Constrained by a pandemic TF0820 :: Shared Description

Beginning in early February, even before the official requirement to stay at home during the Covid-19 shutdown, I was self-isolating at home. Because it seemed a responsible thing for a couple in less than youthful condition to do. That has somewhat altered my opportunities for photography.

Geograph has a category for pictures of the impact of current events, but these pictures do not fit into that category (I have also added a few there). Instead I shall flag them as those I have taken within my much reduced range of operations. These, then, generally are not photographs OF the pandemic, merely normal ones taken DURING it.

By the end of April I was also making audio recordings of birdsong at some of the photograph locations, exploiting the unusual absence of background traffic noise and the splendour of the birdsong in bright sunny weather. The audio recordings are saved in the Wikimedia Commons system, where a built-in playback device appears on the page for each. I have linked to the individual recordings in the photograph description, and the whole set can be viewed at LinkExternal link

I am lucky to live at the edge of town, adjacent to Bourne Woods, where I can walk my dogs and take the occasional picture of nature and the like. I could, of course, walk further than this, but not if I combine it with exercising the dogs. One of our dogs is arthritic, and cannot cope with more than about 40 minutes of exercise.

By the time we had reached early May, the poor creature was even less tolerant of lengthy excursions, and the rising undergrowth was making novel and informative photography less straightforward, so the odd trip without the dog was added.

By June national restrictions had been somewhat lifted, but I was in no rush to re-join the throngs braving infection. But by Mid-June I was finding the effort to sustain large numbers of daily posts exhausting, and I decided to cut back activity in that regard.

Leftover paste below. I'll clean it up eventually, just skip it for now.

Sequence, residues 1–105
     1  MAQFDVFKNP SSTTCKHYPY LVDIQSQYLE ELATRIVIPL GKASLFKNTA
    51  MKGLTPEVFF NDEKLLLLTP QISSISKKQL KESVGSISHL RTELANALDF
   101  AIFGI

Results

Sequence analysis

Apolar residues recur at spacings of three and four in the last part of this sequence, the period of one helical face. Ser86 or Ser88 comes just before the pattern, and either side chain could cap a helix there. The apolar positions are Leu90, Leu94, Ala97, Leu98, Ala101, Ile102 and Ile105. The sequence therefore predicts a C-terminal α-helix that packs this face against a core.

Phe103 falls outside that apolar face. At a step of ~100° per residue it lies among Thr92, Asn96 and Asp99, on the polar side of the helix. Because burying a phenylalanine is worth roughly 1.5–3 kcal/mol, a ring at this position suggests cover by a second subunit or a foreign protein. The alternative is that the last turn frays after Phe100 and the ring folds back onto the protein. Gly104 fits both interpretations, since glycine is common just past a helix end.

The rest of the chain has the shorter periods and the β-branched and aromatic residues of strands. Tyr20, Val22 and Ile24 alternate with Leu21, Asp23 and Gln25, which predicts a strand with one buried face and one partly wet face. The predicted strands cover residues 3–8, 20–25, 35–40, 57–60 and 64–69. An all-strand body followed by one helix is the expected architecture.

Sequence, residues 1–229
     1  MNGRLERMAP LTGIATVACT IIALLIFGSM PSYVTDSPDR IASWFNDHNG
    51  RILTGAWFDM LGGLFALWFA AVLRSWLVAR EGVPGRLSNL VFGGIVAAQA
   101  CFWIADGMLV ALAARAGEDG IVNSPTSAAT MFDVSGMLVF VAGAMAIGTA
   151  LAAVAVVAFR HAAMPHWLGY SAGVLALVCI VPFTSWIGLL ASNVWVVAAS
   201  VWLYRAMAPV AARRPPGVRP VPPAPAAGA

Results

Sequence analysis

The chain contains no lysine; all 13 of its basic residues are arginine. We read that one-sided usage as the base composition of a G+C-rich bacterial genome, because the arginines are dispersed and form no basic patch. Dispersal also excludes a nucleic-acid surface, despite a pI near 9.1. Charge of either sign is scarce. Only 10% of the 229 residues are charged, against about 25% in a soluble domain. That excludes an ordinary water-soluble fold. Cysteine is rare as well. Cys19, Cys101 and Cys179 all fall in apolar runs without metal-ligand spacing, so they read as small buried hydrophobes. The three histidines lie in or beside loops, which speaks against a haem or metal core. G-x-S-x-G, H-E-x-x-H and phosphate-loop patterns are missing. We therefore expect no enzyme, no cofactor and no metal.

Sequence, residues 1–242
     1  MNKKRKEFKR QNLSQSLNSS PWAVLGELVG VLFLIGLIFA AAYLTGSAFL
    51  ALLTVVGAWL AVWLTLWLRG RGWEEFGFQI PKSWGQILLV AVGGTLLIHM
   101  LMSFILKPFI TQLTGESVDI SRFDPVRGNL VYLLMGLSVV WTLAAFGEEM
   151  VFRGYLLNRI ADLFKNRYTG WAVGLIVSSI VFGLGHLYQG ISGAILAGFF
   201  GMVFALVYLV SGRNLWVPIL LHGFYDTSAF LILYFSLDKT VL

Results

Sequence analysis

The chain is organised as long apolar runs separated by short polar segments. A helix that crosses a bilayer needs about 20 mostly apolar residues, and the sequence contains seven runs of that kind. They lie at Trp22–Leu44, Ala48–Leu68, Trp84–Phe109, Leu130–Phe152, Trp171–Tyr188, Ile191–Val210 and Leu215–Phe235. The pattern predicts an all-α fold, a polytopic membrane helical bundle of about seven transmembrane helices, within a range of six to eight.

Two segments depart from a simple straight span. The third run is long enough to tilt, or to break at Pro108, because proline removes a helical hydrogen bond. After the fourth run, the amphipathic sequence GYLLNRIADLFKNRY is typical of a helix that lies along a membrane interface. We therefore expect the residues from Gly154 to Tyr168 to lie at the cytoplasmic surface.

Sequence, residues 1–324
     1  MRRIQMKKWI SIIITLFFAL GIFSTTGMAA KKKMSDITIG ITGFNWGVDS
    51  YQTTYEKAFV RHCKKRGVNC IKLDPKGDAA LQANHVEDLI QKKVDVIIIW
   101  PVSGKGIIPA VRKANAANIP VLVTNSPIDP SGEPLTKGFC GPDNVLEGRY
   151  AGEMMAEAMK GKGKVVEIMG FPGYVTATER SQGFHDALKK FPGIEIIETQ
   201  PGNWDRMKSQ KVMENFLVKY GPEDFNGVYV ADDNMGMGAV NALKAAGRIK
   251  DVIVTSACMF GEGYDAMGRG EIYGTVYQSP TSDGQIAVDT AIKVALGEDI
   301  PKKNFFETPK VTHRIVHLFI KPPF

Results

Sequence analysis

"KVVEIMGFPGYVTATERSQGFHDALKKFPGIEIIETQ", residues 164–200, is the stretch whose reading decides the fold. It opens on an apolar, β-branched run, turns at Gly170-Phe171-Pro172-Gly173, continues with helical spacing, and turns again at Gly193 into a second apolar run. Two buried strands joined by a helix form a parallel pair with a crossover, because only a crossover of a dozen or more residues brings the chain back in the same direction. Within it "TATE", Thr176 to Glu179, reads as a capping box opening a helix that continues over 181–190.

By now I was wondering if this collection should be closed, as I was breaking my isolation once a week for food shopping, and taking my camera with me. But I remained convinced that precautions were still required, and thus continued my defiance of the circumstances.

In August the public (me excluded) were acting as though it was all over, and the disease came roaring back with the start of the academic year, and steadily worsened after that.

Things worsened. By November Wales was in a 'firebreak' lockdown, and England followed suit until the start of December, supposedly to 'save Christmas'. A 5 day relaxation of the rules was promised for that festival.

But by mid December the upward disease trajectory was resumed, and markedly so. Restrictions remained, and I continued this micro-project beyond 1500 images. Spring and summer were a succession of botanical illustrations, in Autumn I documented the seasonal colours, and in winter was left with just the weather to illustrate. But in England that is of infinite variation.

So, the winter of 2020 and 2021 wore on, and my daily record sustained me through those frustrating months. I managed to find new things to see, and say, despite the dormancy around me, and the arrival of the first flush of spring was accompanied by a government instruction to shield for the month of March. But nothing changed here: we were effectively doing that as much as we could. My daily exercise with the dogs did not break the rules, and did not involve anything but the most distant of human encounters.